The God of the Living
There has been some discussion on the way some Christians are able to exploit human weakness, get folks who are down and out, and use that as a reason why they need God and the church.
I have no doubt that God and the church can make a way for people in desperate straits. But we can't reside there. Faith and God doesn't begin and end in crises situations, but rather over the whole of life, in the good and heroic situations as well the bad and the mundane.
That's not to downplay the role faith can play in a crises, but the kind of religion which stays there or has to induce it in an exploitative manner speaks badly of the religion founded by a man who called people into life.
One German theologian who highlights this issue is Dietrich Bonhoeffer. He was martyred by the Nazis but while in prison he wrote this on April 30th, 1944:
Religious people speak of God when human perception is at an end, or human resources fail; it is really always the Deus ex machina they call to their aid, either for the so called solving of insoluble problems or as support in human failures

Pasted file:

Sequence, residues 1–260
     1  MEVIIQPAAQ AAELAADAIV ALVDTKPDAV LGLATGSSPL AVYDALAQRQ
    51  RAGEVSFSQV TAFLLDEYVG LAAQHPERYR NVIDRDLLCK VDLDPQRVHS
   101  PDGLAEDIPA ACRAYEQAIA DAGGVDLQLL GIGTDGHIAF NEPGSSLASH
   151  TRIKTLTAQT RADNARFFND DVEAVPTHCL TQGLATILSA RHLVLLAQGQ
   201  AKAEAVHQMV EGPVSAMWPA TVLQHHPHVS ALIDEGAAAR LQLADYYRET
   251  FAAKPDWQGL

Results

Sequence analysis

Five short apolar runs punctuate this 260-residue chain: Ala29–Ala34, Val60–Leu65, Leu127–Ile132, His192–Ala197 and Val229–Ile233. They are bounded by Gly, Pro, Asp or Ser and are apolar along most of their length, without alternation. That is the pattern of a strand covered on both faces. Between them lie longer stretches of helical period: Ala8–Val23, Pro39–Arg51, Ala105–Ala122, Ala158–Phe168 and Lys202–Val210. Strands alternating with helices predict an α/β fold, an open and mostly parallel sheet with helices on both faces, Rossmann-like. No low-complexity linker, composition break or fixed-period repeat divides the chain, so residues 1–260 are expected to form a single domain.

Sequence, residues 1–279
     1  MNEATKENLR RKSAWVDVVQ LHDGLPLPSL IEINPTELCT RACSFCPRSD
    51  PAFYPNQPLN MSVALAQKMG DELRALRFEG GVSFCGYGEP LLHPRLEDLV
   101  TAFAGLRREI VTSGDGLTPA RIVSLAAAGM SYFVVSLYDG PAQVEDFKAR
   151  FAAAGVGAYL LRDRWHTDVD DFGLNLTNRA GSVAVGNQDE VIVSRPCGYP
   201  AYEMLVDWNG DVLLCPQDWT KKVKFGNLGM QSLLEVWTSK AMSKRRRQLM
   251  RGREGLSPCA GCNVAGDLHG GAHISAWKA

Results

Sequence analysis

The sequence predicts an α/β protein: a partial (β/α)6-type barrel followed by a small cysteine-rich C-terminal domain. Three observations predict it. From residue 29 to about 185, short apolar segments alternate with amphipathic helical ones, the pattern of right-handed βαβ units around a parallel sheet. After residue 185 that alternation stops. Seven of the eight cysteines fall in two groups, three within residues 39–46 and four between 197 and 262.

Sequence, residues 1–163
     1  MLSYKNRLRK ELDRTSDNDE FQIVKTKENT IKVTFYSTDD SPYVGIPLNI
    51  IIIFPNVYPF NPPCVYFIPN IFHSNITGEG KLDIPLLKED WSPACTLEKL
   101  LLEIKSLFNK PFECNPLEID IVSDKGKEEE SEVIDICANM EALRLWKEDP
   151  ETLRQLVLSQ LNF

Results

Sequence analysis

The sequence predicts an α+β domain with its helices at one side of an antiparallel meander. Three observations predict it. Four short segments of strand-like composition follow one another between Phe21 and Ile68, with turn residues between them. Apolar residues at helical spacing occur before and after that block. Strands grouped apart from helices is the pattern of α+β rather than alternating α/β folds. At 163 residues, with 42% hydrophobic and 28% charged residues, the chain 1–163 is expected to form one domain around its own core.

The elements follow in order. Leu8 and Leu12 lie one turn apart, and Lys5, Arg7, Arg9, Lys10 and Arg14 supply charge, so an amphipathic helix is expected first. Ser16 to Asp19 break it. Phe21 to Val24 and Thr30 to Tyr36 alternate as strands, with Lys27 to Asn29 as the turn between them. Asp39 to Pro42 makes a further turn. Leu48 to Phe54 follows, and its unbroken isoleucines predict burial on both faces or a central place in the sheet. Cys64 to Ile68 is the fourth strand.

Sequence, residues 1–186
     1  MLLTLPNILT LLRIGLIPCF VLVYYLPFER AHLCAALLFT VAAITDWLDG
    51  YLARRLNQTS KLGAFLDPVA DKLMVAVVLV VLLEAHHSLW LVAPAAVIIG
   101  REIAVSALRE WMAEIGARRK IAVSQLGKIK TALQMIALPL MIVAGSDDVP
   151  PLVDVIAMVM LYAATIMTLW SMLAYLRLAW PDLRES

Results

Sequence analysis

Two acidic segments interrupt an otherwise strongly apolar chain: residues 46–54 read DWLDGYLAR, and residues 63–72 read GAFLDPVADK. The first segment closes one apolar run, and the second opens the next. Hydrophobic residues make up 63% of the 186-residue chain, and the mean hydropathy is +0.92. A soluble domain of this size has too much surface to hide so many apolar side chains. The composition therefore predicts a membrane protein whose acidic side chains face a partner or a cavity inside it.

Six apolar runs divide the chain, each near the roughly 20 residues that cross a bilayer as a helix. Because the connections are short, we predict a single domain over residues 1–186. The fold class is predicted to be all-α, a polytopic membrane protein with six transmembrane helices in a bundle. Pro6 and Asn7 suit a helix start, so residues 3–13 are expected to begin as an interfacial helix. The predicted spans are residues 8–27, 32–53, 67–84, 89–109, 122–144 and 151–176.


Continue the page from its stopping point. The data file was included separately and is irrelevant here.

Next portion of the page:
Always, that is to say, helping out human weakness or on the borders of human existence. Of necessity, that can only go on until men can, by their own strength push those borders a little further, so that God becomes superfluous as a Deus ex machina.
I have come to be doubtful even about talking of "borders of human existence" It always seems to me that in talking thus we are only seeking to frantically to make room for God.
I should like to speak of God not on the borders of life but at its center, therefore not in death but in his life. On the borders it seems to me better to hold our peace and leave the problem unsolved.
The church stands not where the human powers give out, on the borders, but in the center of the village. That is the way it is in the Old Testament and in this sense we still read the New Testament far too little on the basis of the Old.